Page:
How does he do it? "I have so much to learn from you and need your help to interpret this 'talent' to others through our writing and through teaching budding professionals," I tell him. He looks at me askance. "Are you pulling my leg? It's not fair to tease the handicapped," his smiling eyes wink.
         "No", I say, "I'm very serious. We keep ourselves from buying something new, wearing leather shoes, swimming, even not eating for 26 hours and feel that we are victorious and should be 'rewarded' for our success over frailty. You must be laughing at us and not the other way around."
         Chaim invites me to approach his "souped-up" chair, to which he has just added a Bluetooth-equipped earphone and cell phone which allow him to talk, answer and hear music on his phone wirelessly.
         "Disconnect the Bluetooth, I know you know how to do it. You're very high-tech for someone your age, and a woman too," he smiles. "Then push the following buttons on my phone."
         He directs me to play a song on the MP3 application of his phone. We listen to it together. I then go to my computer and try to download the lyrics in order to discuss them. Together we try to figure out or "psych-out," as Chaim says, the motivations of the songwriter and singer (and the listener who "chooses" which tune to save and play, as well).
         Chaim K. is not like most people who listen to a tune and let it go in one ear and out the other. He spends time really listening and trying to understand the lyrics in much the same way as he used to learn Gemara in "the old days."
         "Many times I am inspired by the songs. I hear things in the Goyish as well as the Jewish songs that let me think and feel. Songs are a very powerful force and influence one's mood. For example, everyone has his/her personal song that makes him or her sad. I have 'tested' this hypothesis on those around me and have proven to myself that this is a truism.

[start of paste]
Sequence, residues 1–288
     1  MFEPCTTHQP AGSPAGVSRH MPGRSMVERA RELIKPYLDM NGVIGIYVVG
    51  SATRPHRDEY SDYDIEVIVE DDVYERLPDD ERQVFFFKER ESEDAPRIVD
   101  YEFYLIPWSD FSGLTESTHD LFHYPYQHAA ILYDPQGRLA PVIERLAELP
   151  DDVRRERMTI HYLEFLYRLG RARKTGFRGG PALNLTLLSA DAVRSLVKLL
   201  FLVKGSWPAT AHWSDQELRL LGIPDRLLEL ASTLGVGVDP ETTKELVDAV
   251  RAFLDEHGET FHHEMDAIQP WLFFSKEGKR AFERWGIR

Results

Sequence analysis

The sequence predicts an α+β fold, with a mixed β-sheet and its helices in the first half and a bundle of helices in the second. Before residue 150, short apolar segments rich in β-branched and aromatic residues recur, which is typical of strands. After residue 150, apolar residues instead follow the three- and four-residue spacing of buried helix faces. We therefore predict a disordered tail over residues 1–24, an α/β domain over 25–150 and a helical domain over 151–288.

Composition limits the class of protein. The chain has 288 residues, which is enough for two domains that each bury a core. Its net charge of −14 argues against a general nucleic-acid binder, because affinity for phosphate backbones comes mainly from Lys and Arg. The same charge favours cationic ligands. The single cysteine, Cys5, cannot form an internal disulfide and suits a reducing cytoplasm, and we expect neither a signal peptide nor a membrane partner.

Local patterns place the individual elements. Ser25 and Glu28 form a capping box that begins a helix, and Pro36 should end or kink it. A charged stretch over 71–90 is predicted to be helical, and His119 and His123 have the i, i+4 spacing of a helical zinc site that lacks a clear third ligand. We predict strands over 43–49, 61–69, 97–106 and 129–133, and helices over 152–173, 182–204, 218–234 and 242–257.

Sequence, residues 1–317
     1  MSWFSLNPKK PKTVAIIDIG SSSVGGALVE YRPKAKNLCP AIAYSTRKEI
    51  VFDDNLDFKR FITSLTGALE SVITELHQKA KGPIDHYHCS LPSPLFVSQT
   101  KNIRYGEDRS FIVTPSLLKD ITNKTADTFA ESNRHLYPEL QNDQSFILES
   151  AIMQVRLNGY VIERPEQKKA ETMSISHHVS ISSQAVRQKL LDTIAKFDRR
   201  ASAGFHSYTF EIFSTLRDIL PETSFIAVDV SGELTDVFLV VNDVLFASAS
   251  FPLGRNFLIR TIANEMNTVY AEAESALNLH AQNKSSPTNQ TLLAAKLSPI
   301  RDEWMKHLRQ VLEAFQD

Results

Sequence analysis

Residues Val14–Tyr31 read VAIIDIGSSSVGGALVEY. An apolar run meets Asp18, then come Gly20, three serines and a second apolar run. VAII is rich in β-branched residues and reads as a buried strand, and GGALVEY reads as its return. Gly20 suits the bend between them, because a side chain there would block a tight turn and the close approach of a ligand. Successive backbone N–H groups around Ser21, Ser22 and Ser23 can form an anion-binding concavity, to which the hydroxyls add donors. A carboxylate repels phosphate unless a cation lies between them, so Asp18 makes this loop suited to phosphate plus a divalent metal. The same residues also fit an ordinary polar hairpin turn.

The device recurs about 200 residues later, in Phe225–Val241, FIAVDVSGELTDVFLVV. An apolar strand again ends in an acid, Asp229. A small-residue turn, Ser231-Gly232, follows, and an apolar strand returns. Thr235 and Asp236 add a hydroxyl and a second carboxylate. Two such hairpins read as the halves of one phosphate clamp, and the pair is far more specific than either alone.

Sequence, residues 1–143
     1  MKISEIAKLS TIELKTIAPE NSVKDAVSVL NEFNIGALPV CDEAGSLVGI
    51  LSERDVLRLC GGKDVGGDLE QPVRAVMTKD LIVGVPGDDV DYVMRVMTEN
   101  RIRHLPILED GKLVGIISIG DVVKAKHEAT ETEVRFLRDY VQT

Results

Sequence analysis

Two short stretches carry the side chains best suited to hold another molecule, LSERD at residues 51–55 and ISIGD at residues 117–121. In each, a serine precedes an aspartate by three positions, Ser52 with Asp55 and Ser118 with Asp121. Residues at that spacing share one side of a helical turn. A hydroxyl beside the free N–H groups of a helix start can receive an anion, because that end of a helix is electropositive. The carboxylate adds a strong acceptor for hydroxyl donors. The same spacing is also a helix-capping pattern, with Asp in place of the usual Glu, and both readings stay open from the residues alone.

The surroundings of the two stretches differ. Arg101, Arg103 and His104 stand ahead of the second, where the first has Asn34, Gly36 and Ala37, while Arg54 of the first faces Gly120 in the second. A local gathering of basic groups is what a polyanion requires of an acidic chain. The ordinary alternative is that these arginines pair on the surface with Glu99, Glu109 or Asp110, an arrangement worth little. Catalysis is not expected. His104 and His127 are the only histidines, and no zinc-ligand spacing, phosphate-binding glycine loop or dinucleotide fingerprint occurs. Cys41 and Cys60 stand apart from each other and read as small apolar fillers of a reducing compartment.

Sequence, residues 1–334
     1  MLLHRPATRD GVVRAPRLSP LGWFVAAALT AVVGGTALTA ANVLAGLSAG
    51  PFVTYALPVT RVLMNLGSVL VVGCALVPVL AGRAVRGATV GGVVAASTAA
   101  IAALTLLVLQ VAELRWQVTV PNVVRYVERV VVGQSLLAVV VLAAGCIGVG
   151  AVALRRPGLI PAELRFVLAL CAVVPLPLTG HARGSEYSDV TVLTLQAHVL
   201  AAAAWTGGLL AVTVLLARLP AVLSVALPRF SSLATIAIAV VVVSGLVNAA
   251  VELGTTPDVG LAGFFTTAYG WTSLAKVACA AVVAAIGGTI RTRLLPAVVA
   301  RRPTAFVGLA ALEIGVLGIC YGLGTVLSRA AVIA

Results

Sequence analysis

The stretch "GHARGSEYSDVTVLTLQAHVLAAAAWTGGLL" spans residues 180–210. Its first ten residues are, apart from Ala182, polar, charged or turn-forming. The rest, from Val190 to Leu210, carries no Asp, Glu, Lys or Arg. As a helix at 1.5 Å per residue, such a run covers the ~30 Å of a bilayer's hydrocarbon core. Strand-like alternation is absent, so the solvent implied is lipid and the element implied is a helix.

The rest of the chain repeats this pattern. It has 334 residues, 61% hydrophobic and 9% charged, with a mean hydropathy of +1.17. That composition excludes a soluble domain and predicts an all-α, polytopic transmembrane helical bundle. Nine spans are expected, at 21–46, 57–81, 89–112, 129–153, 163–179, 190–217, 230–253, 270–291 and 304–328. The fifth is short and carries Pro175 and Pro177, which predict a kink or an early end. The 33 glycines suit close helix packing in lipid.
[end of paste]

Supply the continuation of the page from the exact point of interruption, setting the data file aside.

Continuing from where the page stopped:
"There are people for whom the song itself changes their mood significantly within seconds of hearing it. I am one of these people. I can hear a song and it can throw me into the depths of depression and sadness. Another time, I can be 'blue' and hear a specific song and my heart feels like it is flying and soaring above my body."
         Here are some of the lyrics of his latest favorite song that I chose and put on paper to discuss with Chaim K:

... Dancing all night and having a blast to cure my condition

My heart is in prison, I'm hoping and wishin'

That I'm forgiven, Say yeah.

'Cause every time you leave me I'm sad,

The moment you're returning I'm glad,

So let's not go forgetting what we had,

'Cause its badsobad, yeah.

we're loving each day as if it's the last,

I need you here

'Cause we're loving, and we're dreaming

and we're hoping and we're dreaming"
         He is quiet for a bit. "What do you think it is about?" he asks.
         "Hum," I say in my most professional tone. "It is clearly about the Days of Awe: Teshuva, Yirah and Ahavat Hashem - asking forgiveness, returning to the righteous path, the awe and love of G-d."

         He looks at me thoughtfully, and says something about how psychologists are really in great need of help. He calls for his "pusher"/aide and leaves smiling and humming the tune.


Originally published in the Jewish Press on November 14, 2007.

Tags: Blue Funk | Chaim K. | Jewish Press | Music